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Mary Rowlandson

Subject: Literature

(c.1635–c.1678), daughter of John White, an early settler and wealthy proprietor of Lancaster, Mass., in 1656 married Joseph Rowlandson, a Congregational minister. During King ...

Rowlandson, Mary

Rowlandson, Mary (c.1635–c.1678)   Quick reference

The Concise Oxford Companion to American Literature

Reference type:
Subject Reference
Current Version:
2002
Subject:
Literature
Length:
181 words

...Rowlandson, Mary [ White ] ( c. 1635– c. 1678 ) , daughter of John White , an early settler and wealthy proprietor of Lancaster, Mass., in 1656 married Joseph Rowlandson , a Congregational minister. During King Philip’s War, when the Narragansett attacked Lancaster (Feb. 10, 1676), she was abducted by the Indians, who held her for 11 weeks and five days, until she was ransomed. Her account of this captivity was published in Cambridge ( 1682 ) as The Sovereignty & Goodness of God, Together with the Faithfulness of His Promises Displayed; Being a...

Rowlandson, Mary

Rowlandson, Mary (1635–1711)   Reference library

The Oxford Companion to Women's Writing in the United States

Reference type:
Subject Reference
Current Version:
2005
Subject:
Literature
Length:
478 words

..., Mary (c. 1635–1711 ), captivity narrative writer. Mary, who was probably born in Somersetshire, England, migrated to the New World with John White, her father. She lived in Salem, Massachusetts, and later moved to Lancaster, Massachusetts, where she met Joseph Rowlandson, a minister, whom she married in 1656 . Suddenly, on the dawn of 10 February 1676 , her life changed. During Joseph Rowlandson's absence from Lancaster, Matocomet, the Wampanoag Indian leader, burned Lancaster and took captive Mrs. Rowlandson, her three children, and others....

Mary Rowlandson

Mary Rowlandson (ca. 1636–1711)   Reference library

The Oxford Dictionary of American Quotations (2 ed.)

Reference type:
Quotation
Current Version:
2008
Subject:
Quotations
Length:
126 words

...Mary Rowlandson ca. 1636 – 1711 I remember with shame how formerly, when I had taken two or three pipes, I was presently ready for another, such a bewitching thing it is; but I thank God he has now given me power over it; sure there are many who may be better employed than sucking a stinking tobacco-pipe. Mary Rowlandson was among those abducted by Indians who attacked Lancaster, Massachusetts, on February 10, 1676. The captives became pawns in a larger game—King Philip's War—but she was ransomed after eleven weeks and five days. During her captivity,...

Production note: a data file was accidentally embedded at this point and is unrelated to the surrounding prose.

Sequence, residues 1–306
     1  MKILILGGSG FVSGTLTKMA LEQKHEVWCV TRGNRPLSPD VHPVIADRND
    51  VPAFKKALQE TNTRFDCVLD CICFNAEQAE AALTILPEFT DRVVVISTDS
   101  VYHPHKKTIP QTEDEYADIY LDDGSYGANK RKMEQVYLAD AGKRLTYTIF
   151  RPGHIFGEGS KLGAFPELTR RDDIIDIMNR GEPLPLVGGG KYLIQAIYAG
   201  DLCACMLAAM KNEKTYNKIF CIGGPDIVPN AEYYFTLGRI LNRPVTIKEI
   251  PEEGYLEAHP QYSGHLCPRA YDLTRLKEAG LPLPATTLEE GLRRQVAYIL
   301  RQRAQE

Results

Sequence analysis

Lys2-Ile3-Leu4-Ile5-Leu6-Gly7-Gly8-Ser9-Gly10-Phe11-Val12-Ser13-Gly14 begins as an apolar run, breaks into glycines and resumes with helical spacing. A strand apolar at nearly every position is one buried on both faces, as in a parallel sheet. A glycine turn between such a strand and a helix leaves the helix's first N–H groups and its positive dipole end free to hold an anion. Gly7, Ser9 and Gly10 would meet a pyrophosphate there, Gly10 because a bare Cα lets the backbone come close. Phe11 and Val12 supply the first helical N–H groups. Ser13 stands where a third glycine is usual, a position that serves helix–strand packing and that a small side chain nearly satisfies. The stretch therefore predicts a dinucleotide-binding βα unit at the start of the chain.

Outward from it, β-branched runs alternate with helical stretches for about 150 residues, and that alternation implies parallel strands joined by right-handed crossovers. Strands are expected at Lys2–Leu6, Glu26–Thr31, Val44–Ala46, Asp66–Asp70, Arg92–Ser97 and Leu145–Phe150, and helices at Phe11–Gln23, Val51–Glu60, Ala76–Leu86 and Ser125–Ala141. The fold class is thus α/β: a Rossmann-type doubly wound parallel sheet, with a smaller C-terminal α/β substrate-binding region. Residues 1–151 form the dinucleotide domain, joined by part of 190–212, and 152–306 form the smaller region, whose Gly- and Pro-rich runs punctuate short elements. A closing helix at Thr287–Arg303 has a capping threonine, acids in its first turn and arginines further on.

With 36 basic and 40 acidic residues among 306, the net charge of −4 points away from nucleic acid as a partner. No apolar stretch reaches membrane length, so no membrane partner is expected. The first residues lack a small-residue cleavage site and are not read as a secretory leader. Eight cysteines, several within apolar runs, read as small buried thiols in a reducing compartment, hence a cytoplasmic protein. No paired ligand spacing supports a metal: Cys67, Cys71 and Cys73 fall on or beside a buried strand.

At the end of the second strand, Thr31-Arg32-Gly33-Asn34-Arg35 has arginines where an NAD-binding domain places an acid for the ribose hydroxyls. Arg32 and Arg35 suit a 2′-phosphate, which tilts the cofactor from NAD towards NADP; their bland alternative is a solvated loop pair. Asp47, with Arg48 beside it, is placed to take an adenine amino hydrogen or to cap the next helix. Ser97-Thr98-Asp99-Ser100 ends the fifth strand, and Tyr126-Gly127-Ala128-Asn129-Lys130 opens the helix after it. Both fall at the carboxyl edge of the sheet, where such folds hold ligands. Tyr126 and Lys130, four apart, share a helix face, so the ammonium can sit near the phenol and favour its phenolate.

Rowlandson, Mary [White]

Rowlandson, Mary [White] (1635–c.1678)   Reference library

The Oxford Companion to American Literature (6 ed.)

Reference type:
Subject Reference
Current Version:
2004
Subject:
Literature
Length:
173 words

..., Mary [White] (c. 1635–c.1678 ), daughter of John White , an early settler and wealthy proprietor of Lancaster, Mass., in 1656 married Joseph Rowlandson , a Congregational minister. During King Philip's War, when the Narragansett attacked Lancaster ( Feb. 10, 1676 ), she was abducted by the Indians, who held her for 11 weeks and five days, until she was ransomed. Her account of this captivity was published in Cambridge ( 1682 ) as The Sovereignty & Goodness of God, Together with the Faithfulness of His Promises Displayed; Being a Narrative of the...

Mary Rowlandson

Mary Rowlandson  

Reference type:
Overview Page
Subject:
Literature
(c.1635–c.1678),daughter of John White, an early settler and wealthy proprietor of Lancaster, Mass., in 1656 married Joseph Rowlandson, a Congregational minister. During King Philip's War, when the ...
Publishing

Publishing   Reference library

An Oxford Companion to the Romantic Age

Reference type:
Subject Reference
Current Version:
2009
Subject:
History, modern history (1700 to 1945), Literature
Length:
6,242 words
Publisher:
Oxford University Press

...in person or solicited his support through importunate correspondence, his reception was rarely warm, occasionally tepid, and often cold. The arrogance and hauteur of the bookseller, brilliantly captured in Thomas *Rowlandson 's pen and wash drawing Bookseller and Author , was an authorial cliché and long-standing grievance. Still, Rowlandson's sneering bookseller, whose corpulent prosperity contrasts with the cringing, emaciated figure of the imploring author, is a caricature. Though there were booksellers who abused both their position and the writers...

Antiquarianism (Popular)

Antiquarianism (Popular)   Reference library

An Oxford Companion to the Romantic Age